No other artwork in the world is comparable to the Virgin of Guadalupe. What makes this painting unique - located in the Basilica of Guadalupe, north of Mexico City - is not precisely its artistic quality, as is the case with the Mona Lisa by Leonardo or The Kiss by Gustav Klimt, nor its place in the evolution of painting. It clearly does not constitute a landmark in art history, and the most visited painting in the world is certainly not the summit or the harbinger of a new aesthetic movement, like Dali's melting watches or Van Gogh's Starry Night. In fact, for some, the execution of the image is coarse and all its elements fit well known techniques. For others, it is merely a copy of a sculpture of the Virgin found in Spain.
What distinguishes the Virgin of Guadalupe of Mexico is her universality: unlike any work of art in the world, it can be recognized by any local resident, certainly the most ubiquitous symbol in her country. It would be difficult to find a Mexican who cannot name her. The other thing that makes the Virgin of Guadalupe incomparable is her power to unite her nation, something that has been widely demonstrated throughout history. At different moments, and raised by different hands, the Virgin of Guadalupe (never the original painting) has led the troops that changed the history of the territory now known as Mexico. Not even a few hours had passed after the start of the War of Independence when the rebel army was already carrying the image of Guadalupe; in the twentieth century the image was present at the indigenous rebellion in Chiapas in 1994 and also materialized during the Mexican "perestroika" of 2000, which ended the single-party regime that had lasted for seven decades. Going further back, during Mexico's conquest, Hernán Cortés carried an image of the Virgin that, to the disinterested observer, is obviously the prototype of the Mexican Madonna.
For some, Guadalupe is the work of a talented Indian painter, and this work was retouched and embellished by others in later centuries. The majority of scholars note how the image "appeared" at a very convenient time in Mexico´s history, when evangelization functioned as the ideological arm of the material conquest of the Aztec empire. There are even reasons to wonder whether the image currently on display in Mexico City is the same as in the 17th century since it is known from testimonies of the time that Mary had a crown on her head. That means if it's the same, at the very least it has been retouched, doctored and tampered with again.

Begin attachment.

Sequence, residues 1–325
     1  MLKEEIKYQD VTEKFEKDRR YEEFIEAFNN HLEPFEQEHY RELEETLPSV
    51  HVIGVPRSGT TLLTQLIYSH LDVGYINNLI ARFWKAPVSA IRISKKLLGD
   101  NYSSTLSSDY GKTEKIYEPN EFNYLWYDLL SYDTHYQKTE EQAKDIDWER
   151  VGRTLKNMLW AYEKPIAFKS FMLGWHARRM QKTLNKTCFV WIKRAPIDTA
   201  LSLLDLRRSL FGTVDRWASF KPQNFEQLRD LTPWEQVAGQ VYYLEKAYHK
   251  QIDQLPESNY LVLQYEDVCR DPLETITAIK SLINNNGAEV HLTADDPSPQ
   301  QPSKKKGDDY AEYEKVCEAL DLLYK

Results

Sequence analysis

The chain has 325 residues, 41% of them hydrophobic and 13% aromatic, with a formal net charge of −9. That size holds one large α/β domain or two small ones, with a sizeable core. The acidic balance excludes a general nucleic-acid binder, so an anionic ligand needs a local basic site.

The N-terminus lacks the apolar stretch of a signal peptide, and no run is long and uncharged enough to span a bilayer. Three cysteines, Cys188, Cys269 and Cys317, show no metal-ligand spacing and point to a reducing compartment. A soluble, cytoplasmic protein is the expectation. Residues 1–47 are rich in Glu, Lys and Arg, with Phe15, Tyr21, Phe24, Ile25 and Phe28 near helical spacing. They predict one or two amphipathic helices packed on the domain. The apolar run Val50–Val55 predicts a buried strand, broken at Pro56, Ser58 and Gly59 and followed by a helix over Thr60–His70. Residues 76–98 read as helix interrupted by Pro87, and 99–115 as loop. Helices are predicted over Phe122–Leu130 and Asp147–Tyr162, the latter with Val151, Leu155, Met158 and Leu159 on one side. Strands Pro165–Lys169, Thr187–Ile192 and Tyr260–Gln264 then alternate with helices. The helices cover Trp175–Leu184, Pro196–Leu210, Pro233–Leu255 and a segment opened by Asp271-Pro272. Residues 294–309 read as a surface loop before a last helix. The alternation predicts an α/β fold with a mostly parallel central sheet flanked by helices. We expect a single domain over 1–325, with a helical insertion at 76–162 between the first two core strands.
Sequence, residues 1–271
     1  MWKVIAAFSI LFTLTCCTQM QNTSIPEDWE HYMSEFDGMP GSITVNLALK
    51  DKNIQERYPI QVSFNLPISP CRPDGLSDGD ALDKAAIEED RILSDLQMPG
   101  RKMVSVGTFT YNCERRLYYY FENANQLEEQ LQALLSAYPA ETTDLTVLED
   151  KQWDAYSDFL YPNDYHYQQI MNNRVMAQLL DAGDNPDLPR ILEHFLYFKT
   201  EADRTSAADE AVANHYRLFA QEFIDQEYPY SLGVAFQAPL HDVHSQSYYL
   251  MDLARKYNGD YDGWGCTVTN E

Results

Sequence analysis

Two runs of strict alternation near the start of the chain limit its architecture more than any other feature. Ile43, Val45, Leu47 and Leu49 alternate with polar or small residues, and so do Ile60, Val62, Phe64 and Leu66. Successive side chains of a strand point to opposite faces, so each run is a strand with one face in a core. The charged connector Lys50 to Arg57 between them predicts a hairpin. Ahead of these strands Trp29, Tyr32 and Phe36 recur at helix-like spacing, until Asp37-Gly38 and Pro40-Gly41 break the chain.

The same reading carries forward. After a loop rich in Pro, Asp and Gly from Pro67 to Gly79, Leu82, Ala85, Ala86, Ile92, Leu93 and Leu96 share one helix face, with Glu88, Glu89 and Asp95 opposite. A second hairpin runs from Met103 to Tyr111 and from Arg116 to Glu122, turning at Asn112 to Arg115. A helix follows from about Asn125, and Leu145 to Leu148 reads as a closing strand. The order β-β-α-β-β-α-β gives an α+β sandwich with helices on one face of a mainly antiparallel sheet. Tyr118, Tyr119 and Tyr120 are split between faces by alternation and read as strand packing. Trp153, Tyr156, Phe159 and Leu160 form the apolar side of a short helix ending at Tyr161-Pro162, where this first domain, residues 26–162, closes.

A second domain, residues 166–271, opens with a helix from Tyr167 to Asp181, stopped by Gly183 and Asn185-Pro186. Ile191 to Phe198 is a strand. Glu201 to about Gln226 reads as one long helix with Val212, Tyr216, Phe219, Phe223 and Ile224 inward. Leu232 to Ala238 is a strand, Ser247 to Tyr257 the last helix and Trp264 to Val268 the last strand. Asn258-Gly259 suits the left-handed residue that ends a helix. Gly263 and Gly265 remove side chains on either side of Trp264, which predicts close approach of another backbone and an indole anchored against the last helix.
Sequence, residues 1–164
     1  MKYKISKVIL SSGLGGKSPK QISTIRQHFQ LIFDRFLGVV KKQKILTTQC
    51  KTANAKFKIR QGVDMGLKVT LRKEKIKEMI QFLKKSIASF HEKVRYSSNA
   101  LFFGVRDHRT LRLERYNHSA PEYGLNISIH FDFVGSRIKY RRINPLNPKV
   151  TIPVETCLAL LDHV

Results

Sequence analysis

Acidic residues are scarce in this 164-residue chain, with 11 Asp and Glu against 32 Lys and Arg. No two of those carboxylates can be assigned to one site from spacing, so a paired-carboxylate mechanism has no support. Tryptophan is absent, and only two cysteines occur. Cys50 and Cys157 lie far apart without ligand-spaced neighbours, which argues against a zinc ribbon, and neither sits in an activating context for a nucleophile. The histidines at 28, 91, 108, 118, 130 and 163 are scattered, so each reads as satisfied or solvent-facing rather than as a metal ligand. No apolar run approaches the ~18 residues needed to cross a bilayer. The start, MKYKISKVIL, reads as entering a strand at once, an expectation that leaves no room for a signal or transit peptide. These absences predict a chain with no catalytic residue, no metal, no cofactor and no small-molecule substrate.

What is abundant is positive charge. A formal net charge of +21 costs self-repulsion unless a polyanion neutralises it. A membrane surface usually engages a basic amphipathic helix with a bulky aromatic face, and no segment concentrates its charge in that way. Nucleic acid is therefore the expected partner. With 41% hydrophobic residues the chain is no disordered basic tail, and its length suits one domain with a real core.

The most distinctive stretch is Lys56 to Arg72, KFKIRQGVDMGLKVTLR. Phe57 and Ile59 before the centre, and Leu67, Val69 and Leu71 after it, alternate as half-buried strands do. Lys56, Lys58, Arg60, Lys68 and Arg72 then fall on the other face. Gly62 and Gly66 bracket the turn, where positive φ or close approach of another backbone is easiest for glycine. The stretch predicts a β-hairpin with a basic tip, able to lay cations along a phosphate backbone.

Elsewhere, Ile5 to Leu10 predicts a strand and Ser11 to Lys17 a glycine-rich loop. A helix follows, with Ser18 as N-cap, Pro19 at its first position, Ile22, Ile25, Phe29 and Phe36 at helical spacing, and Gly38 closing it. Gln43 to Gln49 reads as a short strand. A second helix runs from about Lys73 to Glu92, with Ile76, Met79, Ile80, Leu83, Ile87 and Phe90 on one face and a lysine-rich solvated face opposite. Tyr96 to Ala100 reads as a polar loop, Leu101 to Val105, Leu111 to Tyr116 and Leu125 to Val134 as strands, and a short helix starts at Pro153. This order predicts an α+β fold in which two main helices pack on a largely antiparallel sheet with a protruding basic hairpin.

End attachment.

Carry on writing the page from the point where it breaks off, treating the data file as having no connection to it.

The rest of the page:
Conversely, for the believers, the image was miraculously stamped on the tilma or cloak of a man named Juan Diego. Among the latter are most of the 17 million persons who visit the original every year in Mexico City, which makes it the most visited painting in the world. By comparison, the Mona Lisa at the Louvre in Paris receives six million visitors per year.
What nobody questions —believers, skeptics or atheists— is that the Virgin of Guadalupe has been the most important symbol, religious or not, in Mexico´s history, a kind of non-official flag. Her influence has spread even to the Mexican diaspora, where it has become a sign of identity, pride and resistance among undocumented immigrants in the United States. For Mexicans, it's not necessary to be religious to believe in the power of the Virgin of Guadalupe as a unifying symbol and embodiment of national identity.
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